How to Prove ''Safer Alternative Design'' In Texas ?
The plaintiff has the burden of proof to demonstrate a safer alternative design by a preponderance of the evidence. Id.
If no evidence is offered that a safer design existed, the product is not unreasonably dangerous as a matter of law. American Tobacco Co. v. Grinnell, 951 S.W.2d 420, 433 (Tex. 1997); Caterpillar, Inc., 911 S.W.2d at 384.
To prove a safer alternative, the plaintiff has to show that the alternative design would have substantially reduced the risk of injury and would have been both economically and technologically feasible. General Motors Corp. v. Sanchez, 997 S.W.2d 584, 588 (Tex. 1999).
Kindred v. Con/Chem, Inc. 650 S.W.2d 61 (Tex. 1983) addresses feasibility, Kindred held that a party may demonstrate that a safer design was feasible "with evidence that it was in actual use or was available at the time of manufacture." Id. at 62.
Kindred did not distinguish, however, between the two types of feasibility, technological and economic, that are required to maintain a design defect cause of action under current law.
Moreover, under the law in effect in 1983, either technological or economic feasibility was a permissible way to establish a safer alternative design, although not the only way. See id. (citing Boatland of Houston, Inc. v. Bailey, 609 S.W.2d 743, 746 (Tex. 1980)).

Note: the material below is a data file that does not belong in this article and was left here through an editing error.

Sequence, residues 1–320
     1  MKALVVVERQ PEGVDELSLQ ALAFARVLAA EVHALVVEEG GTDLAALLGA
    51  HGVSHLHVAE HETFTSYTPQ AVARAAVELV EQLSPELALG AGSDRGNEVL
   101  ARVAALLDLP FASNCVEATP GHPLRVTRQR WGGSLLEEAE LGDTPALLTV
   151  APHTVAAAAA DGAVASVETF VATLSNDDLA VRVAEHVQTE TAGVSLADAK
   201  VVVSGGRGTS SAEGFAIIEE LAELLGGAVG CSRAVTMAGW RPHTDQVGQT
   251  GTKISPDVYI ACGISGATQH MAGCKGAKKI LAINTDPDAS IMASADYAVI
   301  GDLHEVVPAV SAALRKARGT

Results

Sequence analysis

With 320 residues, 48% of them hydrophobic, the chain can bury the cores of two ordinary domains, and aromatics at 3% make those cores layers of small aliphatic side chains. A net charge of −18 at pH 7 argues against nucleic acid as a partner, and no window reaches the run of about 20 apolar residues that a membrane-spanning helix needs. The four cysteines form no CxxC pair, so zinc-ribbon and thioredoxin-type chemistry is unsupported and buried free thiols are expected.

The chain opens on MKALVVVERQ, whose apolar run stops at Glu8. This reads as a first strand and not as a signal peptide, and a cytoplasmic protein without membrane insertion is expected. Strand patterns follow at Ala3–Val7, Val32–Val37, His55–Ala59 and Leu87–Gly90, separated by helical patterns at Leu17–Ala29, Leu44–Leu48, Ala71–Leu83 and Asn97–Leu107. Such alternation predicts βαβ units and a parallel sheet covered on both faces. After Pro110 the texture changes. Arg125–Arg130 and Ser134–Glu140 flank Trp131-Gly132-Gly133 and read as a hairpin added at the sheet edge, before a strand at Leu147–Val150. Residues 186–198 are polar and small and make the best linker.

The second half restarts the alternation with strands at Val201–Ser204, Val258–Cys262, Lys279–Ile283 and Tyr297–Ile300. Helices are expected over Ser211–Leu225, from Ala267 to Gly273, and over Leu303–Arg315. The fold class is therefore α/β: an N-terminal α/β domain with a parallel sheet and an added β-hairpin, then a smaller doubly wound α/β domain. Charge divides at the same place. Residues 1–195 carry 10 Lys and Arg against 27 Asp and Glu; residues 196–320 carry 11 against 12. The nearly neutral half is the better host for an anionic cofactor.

Consequently, Kindred did not require the plaintiff to prove both the scientific and economic feasibility of the proposed alternative design, as Texas Civil Practice and Remedies Code section 82.005 requires today. See TEX. CIV. PRAC. & REM. CODE ANN. 82.005.
Technological feasibility and economic feasibility are two different concepts that require separate proof.
For example, it may be technologically feasible to install air bags on bicycles; i.e., scientists and engineers may have the ability to install air bags on bicycles.
Having this technology does not mean that it is economically feasible, however, because installing air bags might cost hundreds or thousands of dollars per bicycle, thus rendering the cost of production unreasonable.
In Robins v. Kroger Co., the plaintiffs sued the store where they had bought a cigarette lighter, claiming that the lighter was defectively designed because it did not incorporate a child-restraint feature. 982 S.W.2d at 158.
The plaintiffs established technological feasibility through expert testimony that the relevant technology was available when the lighter was manufactured. Robins, 982 S.W.2d at 164.
Independent of this evidence, the plaintiffs also provided expert testimony of economic feasibility by showing that the cost of incorporating this technology would approach $ 50 million or roughly 1 to 5 cents per lighter manufactured. Id.